Historic fishery that belonged to the “father of scientific aquaculture” up for sale

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The Howietoun Fishery established by Sir James Maitland in 1881 and could be yours for £225 thousand.

Howietoun Fishery, farm workers sorting out the yearlings PHOTO University of Stirling Archives

It’s not everyday that a 19th century estate considered to be the “birthplace of modern aquaculture” comes on the market. However The Scotsman have spotted that the famed Howietoun Fishery is now up for sale on the property site, Rightmove.

A Scottish pioneer
In the 1870’s the Victorian fishery pioneered the study of trout and salmon farming, supplying live ova and fish on a worldwide scale. Sir James Ramsay Gibson Maitland (1848-1897), a Scottish landowner, conducted experiments which ultimately evolved into the construction of one of the first internationally renowned fisheries, inspiring generations of salmon farmers.

Howietoun Fishery, farm workers beside early wooden plank ponds PHOTO University of Stirling Archives

On the estate, Sir Maitland would conduct scientific trials into trout breeding and rearing in the numerous ponds at Howietoun near Sterling, setting the standard for modern fish farming. He successfully overcame the difficulties by designing a new kind of pack that could transport live ova as far afield as Australia and New Zealand. According to NZhistory, the first successful shipment to Hobart, Tasmania in 1864 was achieved by packing the ova in soft, clean moss and embedding them deeply in natural ice.

The History of Howietoun: Containing a Full Description of the Various Hatching-Houses and Ponds, and of the Experiments Undertaken From 1873 to 1886 by Sir James Ramsay Gibson Maitland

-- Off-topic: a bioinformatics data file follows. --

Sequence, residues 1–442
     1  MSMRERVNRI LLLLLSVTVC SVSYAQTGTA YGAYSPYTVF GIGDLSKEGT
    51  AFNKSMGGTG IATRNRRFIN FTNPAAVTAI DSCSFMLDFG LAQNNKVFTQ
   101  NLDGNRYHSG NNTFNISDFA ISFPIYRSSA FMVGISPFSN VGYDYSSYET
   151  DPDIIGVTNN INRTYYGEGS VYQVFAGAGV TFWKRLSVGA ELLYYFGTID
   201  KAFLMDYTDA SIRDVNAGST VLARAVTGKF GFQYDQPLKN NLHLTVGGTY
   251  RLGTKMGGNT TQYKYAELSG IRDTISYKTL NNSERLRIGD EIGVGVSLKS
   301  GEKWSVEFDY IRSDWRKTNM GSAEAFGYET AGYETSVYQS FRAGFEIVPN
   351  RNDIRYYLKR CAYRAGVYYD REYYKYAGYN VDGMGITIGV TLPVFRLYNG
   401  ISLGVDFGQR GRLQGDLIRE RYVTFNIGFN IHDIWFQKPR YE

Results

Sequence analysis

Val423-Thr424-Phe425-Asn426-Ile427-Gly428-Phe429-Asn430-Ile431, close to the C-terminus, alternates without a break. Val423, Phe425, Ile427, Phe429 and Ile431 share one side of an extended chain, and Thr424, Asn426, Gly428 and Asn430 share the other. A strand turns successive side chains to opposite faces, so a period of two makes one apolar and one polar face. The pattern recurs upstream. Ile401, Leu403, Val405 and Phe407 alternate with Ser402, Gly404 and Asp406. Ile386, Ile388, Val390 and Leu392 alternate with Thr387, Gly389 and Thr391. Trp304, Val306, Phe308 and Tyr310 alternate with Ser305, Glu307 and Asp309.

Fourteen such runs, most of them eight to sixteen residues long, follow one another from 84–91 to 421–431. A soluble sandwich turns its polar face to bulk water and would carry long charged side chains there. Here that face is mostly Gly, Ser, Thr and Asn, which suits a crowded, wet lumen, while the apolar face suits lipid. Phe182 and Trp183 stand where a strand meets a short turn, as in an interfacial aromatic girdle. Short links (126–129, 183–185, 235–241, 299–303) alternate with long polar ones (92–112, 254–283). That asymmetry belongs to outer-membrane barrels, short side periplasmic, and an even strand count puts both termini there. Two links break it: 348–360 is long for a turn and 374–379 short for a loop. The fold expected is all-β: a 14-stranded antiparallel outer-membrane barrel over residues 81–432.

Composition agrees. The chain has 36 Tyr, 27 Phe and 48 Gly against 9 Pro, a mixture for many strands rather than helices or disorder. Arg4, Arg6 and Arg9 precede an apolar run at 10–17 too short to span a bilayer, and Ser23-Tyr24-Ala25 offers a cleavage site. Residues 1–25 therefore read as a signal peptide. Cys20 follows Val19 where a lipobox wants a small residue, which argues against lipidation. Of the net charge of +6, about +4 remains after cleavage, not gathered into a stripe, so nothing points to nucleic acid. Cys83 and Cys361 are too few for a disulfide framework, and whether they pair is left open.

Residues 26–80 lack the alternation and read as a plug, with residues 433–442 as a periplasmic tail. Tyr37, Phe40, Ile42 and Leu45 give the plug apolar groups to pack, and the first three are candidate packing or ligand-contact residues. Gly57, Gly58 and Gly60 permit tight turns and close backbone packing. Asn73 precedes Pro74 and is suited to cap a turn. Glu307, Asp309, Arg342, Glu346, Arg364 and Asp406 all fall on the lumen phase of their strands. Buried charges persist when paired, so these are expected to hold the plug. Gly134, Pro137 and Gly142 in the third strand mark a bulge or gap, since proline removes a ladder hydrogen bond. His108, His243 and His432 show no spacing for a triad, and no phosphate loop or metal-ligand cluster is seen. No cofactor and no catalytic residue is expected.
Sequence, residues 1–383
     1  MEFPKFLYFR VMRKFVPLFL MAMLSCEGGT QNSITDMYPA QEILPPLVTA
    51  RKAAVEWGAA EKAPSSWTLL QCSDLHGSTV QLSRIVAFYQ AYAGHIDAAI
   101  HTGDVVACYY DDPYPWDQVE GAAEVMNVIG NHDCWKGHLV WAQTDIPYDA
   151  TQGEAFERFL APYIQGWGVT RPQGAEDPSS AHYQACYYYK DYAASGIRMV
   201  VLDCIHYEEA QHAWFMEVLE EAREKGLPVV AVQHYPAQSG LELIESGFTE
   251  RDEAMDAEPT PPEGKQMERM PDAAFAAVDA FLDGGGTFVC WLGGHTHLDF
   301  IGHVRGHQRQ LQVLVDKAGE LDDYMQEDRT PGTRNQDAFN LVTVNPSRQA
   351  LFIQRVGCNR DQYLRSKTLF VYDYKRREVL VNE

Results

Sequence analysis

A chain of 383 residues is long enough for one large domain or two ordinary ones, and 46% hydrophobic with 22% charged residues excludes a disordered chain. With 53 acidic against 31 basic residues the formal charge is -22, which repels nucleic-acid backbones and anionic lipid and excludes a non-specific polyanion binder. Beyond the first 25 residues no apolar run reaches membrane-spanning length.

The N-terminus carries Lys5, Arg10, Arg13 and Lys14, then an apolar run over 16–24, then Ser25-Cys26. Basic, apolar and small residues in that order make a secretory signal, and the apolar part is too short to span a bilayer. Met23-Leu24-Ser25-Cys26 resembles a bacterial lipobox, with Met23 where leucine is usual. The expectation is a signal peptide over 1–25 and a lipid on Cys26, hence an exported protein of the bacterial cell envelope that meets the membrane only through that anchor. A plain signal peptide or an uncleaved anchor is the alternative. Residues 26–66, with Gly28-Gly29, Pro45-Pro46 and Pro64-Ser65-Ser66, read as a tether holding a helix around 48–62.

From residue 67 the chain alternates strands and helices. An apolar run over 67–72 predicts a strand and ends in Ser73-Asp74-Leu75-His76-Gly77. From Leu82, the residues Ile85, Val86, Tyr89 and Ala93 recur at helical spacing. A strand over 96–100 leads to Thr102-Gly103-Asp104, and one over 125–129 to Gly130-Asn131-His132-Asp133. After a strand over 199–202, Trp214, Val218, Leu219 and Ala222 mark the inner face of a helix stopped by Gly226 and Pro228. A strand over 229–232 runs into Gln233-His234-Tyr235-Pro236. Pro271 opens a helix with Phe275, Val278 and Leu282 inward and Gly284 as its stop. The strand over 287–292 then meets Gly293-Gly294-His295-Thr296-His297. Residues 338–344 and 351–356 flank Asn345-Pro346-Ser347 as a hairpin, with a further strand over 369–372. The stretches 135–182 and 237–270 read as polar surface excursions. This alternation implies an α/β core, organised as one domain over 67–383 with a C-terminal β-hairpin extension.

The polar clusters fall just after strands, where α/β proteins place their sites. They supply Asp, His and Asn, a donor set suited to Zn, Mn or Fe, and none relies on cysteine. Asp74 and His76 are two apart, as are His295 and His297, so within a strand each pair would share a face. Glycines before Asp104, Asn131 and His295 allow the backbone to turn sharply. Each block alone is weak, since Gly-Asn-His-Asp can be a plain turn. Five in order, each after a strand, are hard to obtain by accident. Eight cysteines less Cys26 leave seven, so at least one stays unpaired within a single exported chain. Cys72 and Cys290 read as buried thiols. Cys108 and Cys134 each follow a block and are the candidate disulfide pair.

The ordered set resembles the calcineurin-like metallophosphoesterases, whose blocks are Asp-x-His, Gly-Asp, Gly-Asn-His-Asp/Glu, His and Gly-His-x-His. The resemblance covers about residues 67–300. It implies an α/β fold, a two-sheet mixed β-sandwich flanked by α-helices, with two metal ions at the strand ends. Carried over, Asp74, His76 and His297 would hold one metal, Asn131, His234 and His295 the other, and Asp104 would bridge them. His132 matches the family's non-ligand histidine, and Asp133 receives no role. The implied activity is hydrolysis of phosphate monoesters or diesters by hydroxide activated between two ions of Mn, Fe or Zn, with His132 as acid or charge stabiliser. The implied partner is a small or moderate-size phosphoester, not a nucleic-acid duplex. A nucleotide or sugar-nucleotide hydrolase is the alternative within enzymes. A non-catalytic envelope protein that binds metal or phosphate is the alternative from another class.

After Sir James died in 1897, his family continued running the business, to varying success. However a failed foray into rainbow trout farming in the 1960s brought an end to the Maitland aquaculture dynasty.

University of Stirling
In 1979, the Howietoun Fishery, Milnholm Hatchery and Sauchiemill were bought by the Institute of Aquaculture, University of Stirling primarily for the practical training of students as well as maintaining a commercial enterprise. The University has now put the site up for sale for GBP 225 thousand.

Today the sale extends to about 27 acres which is divided into two distinct areas. On the site plan, the red zone extends to about 12.86 acres and includes the historic fish ponds but also a number of A and B listed buildings.

Truly unique
Talking to the Scotsman, Carl Warden at Bell Ingram, sale agent for the site said: “Howietoun Fishery has exceptional character and is truly unique in its design.

“If bought by somebody eager for a project, and with the right vision, it could be restored to something really quite remarkable.” PHOTO Bell Ingram Rightmove

“Its land and buildings offer an exceptional development opportunity. If bought by somebody eager for a project, and with the right vision, it could be restored to something really quite remarkable, 
it’s a very exciting prospect.”